Built in 1827, the Gaines Ridge Dinner Club was originally called the Hearn Place. Its first owner, Ebenezer Hearn, was a soldier in the War of 1812 and a Methodist circuit rider. Betty Kennedy, the owner of the Gaines Ridge Dinner Club, says that Hearn is known today as “the Father of Methodism” in Alabama because he founded more Methodist churches than any other person there.
Ms. Kennedy’s great-grandfather purchased the house in 1898, and it has been in her family ever since. “My great-grandfather’s last name was Fail. When we opened for business in 1985, nobody thought we’d stay open for more than six months, so we really couldn’t call it the Fail Place with everyone thinking it was going to! He never really owned it though; my mother did. He put a lot of work into it.”
Some ghost experts might speculate that the spirits inside the old house were awakened when her father began remodeling. “The house has changed in appearance from when we first moved out here. My father was an engineer, and he changed the front totally. Originally, there was a little stoop of a porch in the front. It was just an old farmhouse with a one-story porch. Somebody gave him some columns, so he felt he had to put the columns up.
If anything was left over from a work site, he brought it out here and added it to the house. The kitchen that we use is the original kitchen. At one time, it was detached from the house. My father jacked it up and put logs under it and rolled it over and joined it to the house. A lot of old houses were like that. They had a breeze-way connecting the kitchen because of fire and heat.”
The ghostly activity at the Gaines Ridge Dinner Club started up after the restaurant had been open for three or four years. “I was still working for the government and lived in Oak Hill and didn’t have my little house out here. I had come down to get ready for a party the next day. One of my cooks lived just up the road. She worked for me for about fifteen years. She was helping me that night.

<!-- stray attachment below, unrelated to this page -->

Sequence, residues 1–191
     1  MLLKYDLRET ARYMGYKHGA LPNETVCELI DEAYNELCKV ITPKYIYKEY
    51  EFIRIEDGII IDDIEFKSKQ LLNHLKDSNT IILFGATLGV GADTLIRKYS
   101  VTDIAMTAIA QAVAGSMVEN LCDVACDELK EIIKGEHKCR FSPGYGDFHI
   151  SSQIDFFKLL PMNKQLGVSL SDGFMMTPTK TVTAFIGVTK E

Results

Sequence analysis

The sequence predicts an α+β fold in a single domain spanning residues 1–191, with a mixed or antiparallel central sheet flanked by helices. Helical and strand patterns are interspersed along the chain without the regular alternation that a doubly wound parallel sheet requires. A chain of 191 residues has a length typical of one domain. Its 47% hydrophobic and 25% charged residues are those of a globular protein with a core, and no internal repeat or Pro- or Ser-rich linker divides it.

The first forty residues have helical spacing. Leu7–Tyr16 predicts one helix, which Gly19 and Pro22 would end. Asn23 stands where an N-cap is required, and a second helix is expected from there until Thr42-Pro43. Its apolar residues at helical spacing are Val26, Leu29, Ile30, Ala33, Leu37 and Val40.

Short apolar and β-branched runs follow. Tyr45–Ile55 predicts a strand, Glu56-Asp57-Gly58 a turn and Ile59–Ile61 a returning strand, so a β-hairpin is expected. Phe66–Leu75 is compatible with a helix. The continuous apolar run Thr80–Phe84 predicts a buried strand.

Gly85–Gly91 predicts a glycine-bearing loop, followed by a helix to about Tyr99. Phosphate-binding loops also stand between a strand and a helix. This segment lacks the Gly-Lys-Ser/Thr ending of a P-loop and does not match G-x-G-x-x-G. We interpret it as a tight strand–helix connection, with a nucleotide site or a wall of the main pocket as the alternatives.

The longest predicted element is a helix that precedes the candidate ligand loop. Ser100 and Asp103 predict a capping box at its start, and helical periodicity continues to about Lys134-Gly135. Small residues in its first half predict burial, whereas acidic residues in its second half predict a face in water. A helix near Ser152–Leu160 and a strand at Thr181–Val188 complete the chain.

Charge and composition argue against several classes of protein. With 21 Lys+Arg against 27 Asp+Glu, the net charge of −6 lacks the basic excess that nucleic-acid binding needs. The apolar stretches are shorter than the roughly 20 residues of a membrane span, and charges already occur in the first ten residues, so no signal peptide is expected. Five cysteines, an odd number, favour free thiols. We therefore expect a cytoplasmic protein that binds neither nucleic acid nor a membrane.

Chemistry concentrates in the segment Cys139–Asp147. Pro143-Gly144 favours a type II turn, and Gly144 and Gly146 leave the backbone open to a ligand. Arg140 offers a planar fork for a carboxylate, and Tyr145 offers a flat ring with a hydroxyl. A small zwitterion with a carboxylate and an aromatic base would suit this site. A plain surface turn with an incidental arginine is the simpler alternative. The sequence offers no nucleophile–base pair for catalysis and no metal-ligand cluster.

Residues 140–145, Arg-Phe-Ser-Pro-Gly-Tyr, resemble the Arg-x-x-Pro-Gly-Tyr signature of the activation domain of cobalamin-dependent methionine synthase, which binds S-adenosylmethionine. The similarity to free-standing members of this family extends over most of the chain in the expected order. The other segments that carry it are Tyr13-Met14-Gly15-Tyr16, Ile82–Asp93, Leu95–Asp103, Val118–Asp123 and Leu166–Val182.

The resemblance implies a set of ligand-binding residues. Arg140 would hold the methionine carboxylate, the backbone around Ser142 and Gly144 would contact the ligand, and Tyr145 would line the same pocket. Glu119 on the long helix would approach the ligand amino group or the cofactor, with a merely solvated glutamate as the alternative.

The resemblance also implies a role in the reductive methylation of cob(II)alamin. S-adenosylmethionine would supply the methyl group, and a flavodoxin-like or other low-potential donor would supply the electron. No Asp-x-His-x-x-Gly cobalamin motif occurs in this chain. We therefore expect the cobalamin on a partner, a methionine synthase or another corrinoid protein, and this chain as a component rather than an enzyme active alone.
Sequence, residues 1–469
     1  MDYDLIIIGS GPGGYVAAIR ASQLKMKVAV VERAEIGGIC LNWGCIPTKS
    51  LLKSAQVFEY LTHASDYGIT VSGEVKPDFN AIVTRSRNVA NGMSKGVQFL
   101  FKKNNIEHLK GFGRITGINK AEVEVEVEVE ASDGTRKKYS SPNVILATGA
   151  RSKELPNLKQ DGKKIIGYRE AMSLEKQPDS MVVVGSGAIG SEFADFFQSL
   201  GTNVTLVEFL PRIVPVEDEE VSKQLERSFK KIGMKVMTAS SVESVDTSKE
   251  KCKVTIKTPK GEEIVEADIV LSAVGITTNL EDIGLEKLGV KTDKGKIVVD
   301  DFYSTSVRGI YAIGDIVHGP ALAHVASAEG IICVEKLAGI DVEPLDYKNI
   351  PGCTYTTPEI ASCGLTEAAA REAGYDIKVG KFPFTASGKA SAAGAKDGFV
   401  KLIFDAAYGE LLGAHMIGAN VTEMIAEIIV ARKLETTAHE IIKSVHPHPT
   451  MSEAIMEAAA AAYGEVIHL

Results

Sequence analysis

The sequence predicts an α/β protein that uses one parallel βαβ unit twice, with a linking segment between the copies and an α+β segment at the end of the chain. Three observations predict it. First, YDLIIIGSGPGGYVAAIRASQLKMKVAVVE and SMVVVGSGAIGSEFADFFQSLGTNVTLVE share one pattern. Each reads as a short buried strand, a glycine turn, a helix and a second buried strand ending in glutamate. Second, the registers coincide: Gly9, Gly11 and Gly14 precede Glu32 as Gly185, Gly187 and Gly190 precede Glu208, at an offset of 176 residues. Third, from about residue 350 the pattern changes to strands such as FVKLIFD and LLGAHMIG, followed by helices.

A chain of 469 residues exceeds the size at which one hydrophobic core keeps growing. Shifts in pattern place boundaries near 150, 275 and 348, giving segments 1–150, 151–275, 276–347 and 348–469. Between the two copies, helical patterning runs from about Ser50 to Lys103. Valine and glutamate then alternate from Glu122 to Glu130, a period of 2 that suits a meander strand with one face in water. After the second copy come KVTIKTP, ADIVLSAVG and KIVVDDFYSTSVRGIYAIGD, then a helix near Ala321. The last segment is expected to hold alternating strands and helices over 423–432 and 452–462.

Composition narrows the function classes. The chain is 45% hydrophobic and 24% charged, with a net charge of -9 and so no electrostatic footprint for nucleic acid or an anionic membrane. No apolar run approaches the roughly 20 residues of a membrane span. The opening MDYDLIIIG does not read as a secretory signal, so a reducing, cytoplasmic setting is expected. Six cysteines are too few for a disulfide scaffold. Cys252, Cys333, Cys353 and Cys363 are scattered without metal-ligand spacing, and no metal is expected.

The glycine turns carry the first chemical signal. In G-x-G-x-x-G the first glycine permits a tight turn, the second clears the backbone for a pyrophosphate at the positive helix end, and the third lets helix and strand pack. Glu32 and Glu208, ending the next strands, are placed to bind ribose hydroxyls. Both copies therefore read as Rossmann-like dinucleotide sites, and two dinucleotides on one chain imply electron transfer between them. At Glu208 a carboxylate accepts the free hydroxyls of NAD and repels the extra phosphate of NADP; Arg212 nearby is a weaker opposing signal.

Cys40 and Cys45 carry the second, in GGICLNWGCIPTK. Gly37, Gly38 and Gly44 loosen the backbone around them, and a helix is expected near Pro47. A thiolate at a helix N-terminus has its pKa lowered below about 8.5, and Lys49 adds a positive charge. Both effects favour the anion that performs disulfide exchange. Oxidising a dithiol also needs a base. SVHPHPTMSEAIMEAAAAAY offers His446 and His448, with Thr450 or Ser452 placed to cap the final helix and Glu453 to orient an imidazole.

I don’t know exactly what we were doing. The two of us were in the kitchen working, and I needed a cook pot from upstairs. So I went up to get it. It’s a good ways from the kitchen. And while I was up there, she screamed and said, “Miss Betty! Miss Betty! Come quick! Oh, Lord Jesus!” It just scared me to death. I thought she had cut herself or there was a fire. She screamed so loud that I dropped the pot and went flying down the stairs. I opened the door and just burst into the kitchen.
I said, ‘Maggie Belle! What in the world is the matter?’ She looked up at me. She was just calmly chopping onions. She said, ‘Miss Betty, I didn’t call you.’ I didn’t see anything.
It (the voice) wasn’t way off. It was as if she were just at the foot of the stairs. My great-grandmother’s name was Betty, so I don’t know if whoever was calling was calling her or calling me because she did live here briefly.”
A different ghostly sound was heard by Ms. Kennedy’s daughter one evening when the restaurant was almost filled to capacity. “One time, I was in the kitchen. (My daughter) came in the kitchen and said, ‘You’ve got to come out here. Somebody’s fallen in the ladies’ restroom, and we can’t get the door open!’
I went over there, and they were all standing around the door. They said, ‘We heard her fall, and her head hit the door, so we thought she was jammed up against the door.’ I finally just shoved it open, and there was nobody there, and nothing had fallen.”
Ms. Kennedy says that the ghost occasionally reveals itself through a different sense, “My sister and I have smelled pipe smoke up in the front room, even though no one was smoking a pipe at the time. I haven’t smelled the pipe smoke in a long, long time. When we first opened, we could smell it. And sometimes when we would go up there, it would be very strong.”
A family tragedy dating back to the nineteenth century is probably responsible the most frequent manifestation in the Gaines Ridge Dinner Club. “One of my great aunts weighed 350 pounds, and she had thirteen children. Back then, particularly in the wintertime, babies slept with their parents for several months to keep them warm. One night, she accidentally smothered one of her babies. I think she rolled on the baby or placed her arm on him. My great-grandfather was instrumental in her not being tried for murder.
I guess if I had thirteen children, I might feel like smothering one of them too. My mother told me this story when we were fixing up the house. She never told me when I lived here because she didn’t want me to be afraid to stay here by myself, and she never told my other two sisters either.” Sometimes, late in the evening, waitresses and kitchen help have heard the incessant crying of a baby coming from one of the upstairs room. The source of the cries has never been found.
Other reports of ghostly activity in the Gaines Ridge Dinner Club have come to Betty Kennedy’s attention over the years. Her son told her that he saw a white shape pass through the windows in a second floor room and come down the stairs.
Like many restaurants, the Gaines Ridge Dinner Club has tried to capitalize on its haunted reputation. From Betty Kennedy’s point of view, the ghosts are almost as big an attraction as the food. “When they read the ghost story on the back of the menu, people are always really interested in it. I call it my ghost truth because it is what really happened to me. We serve a lot of groups here, and they all want to hear about the ghost. I do embellish the stories a bit when I tell them to children, though.”